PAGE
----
I have been lamenting about my deficient leg press abilities. I know that my leg strength is uneven but what I did not know was by how much. I thought the leg press machine could provide me with concrete data. I called my sister and asked her if I could use her home gym. When I arrived, she showed me how the equipment and the weight plates worked. She has a Body Solid home gym. She went back upstairs and left me to work out. I did a few warm up sets and started to increase the weight. I was disappointed and confused by the results.
Over the next few weeks, I worked on increasing the weight of my leg press. I even consulted my PT with the results. It was a good conversation but I could not help feeling as if she was a bit concerned. I had no idea what I was able to leg press prior to ACLr. The last time I used a leg press was my senior year in high school. I signed up for the track team because there was not a girl's softball team. I was terrible. I started as a triple jumper and was also assigned to throw shot put. The coach was just trying to fill the spots so he sent me to the weight room.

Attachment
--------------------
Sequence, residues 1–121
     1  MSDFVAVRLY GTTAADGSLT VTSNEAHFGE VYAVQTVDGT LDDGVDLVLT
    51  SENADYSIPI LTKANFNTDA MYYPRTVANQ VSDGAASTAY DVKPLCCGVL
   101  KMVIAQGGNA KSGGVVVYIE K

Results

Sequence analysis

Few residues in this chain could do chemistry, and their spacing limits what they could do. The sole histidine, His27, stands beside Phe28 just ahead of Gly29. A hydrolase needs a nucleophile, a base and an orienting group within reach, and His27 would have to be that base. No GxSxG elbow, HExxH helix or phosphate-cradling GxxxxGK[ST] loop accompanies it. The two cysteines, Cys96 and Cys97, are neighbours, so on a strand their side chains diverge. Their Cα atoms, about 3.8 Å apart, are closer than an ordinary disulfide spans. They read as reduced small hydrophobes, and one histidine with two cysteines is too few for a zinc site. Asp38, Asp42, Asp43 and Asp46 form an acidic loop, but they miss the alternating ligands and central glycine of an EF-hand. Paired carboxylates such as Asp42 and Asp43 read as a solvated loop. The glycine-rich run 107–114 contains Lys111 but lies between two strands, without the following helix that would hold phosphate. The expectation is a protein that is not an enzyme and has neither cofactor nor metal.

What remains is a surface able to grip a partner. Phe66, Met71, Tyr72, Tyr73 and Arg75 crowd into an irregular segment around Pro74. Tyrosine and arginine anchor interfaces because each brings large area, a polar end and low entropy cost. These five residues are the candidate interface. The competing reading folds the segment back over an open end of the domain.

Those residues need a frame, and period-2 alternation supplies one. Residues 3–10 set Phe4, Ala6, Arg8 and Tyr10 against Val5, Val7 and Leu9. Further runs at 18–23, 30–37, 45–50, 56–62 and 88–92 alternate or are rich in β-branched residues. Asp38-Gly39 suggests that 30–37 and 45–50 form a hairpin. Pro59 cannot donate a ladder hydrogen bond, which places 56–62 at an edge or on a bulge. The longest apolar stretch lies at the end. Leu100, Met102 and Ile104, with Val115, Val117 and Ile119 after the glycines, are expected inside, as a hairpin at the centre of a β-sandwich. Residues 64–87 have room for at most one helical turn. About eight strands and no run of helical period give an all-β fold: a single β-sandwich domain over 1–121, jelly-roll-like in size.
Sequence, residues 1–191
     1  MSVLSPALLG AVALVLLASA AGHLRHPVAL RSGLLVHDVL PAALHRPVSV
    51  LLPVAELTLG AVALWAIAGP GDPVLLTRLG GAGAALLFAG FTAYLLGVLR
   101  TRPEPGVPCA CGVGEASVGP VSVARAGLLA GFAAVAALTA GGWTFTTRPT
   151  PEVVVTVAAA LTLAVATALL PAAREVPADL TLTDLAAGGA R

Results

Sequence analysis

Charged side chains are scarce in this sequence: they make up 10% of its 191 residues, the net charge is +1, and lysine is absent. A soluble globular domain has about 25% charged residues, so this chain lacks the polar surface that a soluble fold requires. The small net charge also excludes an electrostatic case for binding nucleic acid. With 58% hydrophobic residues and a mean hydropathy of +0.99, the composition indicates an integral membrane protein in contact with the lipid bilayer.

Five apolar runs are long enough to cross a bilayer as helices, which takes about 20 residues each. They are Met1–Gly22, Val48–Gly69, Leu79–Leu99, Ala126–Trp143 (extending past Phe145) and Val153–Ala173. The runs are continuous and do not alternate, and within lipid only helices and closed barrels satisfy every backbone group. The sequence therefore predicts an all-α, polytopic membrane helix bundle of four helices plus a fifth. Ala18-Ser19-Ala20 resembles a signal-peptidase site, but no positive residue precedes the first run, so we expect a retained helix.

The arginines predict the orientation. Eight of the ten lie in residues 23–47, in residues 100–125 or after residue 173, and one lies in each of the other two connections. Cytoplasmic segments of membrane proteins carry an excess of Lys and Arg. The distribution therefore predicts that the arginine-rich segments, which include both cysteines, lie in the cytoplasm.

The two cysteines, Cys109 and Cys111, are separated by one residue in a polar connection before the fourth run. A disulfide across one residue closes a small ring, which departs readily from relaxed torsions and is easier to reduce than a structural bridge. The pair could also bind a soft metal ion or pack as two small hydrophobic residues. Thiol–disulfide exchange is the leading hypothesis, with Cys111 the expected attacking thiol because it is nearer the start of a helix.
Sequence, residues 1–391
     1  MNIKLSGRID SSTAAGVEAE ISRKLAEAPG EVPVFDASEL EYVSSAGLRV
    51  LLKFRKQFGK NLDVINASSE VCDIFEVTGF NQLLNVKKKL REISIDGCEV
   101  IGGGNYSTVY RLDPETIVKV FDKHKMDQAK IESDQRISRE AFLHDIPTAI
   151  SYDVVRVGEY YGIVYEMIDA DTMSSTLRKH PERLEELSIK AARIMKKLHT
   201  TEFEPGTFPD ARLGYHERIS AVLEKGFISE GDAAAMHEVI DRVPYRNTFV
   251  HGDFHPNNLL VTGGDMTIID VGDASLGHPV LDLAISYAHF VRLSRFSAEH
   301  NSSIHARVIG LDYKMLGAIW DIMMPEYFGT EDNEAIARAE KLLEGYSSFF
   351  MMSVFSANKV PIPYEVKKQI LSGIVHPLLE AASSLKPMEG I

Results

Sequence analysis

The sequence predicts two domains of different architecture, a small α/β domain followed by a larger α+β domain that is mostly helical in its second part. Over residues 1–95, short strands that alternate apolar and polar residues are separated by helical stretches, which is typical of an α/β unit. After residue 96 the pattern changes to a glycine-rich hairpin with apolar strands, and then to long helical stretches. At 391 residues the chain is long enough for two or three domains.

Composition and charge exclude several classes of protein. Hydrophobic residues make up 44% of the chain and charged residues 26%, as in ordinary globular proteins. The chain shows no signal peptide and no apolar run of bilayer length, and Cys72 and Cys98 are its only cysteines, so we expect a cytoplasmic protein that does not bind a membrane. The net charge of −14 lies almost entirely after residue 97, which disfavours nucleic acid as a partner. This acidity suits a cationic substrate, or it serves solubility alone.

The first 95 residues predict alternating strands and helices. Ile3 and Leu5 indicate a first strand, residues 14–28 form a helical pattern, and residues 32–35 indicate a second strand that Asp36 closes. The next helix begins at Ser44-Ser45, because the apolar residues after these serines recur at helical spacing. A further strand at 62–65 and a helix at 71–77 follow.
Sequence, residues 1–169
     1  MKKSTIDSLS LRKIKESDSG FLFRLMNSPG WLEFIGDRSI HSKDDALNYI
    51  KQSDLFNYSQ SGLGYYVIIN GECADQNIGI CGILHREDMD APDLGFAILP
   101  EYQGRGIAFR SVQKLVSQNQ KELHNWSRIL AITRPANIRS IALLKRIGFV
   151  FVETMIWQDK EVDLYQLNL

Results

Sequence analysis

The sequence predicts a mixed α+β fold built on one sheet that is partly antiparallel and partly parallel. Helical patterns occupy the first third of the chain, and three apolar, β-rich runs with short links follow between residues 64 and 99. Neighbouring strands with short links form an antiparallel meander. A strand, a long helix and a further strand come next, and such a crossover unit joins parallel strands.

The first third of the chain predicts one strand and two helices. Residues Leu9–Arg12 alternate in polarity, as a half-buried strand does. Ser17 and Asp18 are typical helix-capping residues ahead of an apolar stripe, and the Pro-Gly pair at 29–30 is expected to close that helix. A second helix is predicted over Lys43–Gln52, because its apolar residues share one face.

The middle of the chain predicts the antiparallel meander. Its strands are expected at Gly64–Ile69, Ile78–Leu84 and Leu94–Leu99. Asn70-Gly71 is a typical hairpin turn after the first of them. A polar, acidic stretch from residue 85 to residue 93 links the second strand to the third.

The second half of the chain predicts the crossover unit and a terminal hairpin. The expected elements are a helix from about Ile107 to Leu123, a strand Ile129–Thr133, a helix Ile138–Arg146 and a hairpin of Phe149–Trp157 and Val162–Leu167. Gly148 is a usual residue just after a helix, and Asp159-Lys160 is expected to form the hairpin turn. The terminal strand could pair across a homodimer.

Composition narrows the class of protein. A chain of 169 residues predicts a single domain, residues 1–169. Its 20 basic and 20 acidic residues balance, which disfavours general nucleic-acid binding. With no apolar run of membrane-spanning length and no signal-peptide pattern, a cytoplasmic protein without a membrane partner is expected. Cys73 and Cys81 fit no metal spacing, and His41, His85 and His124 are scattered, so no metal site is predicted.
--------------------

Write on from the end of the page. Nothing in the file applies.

I searched the Internet to find out what people are able to leg press. I found that Madeline Albright could leg press 400 pounds and that Pat Robertson could leg press 2,000 pounds. Many weight lifting sites would argue the value of a leg press as compared to a squat. There is a leg press test that evaluates athletes lower body strength. Finally, I researched leg press machines and how they work. For those familiar with gym equipment, you can start laughing now at my naivete. I made an interesting discovery. Some home gym leg press machines work on a 2:1 ratio. I immediately called my sister and asked her if her leg press was a 2:1 ratio. She did not know but she gave me the make and model of her machine. I quickly discovered that my 60 lb single leg press was actually 120 lbs. Thank goodness!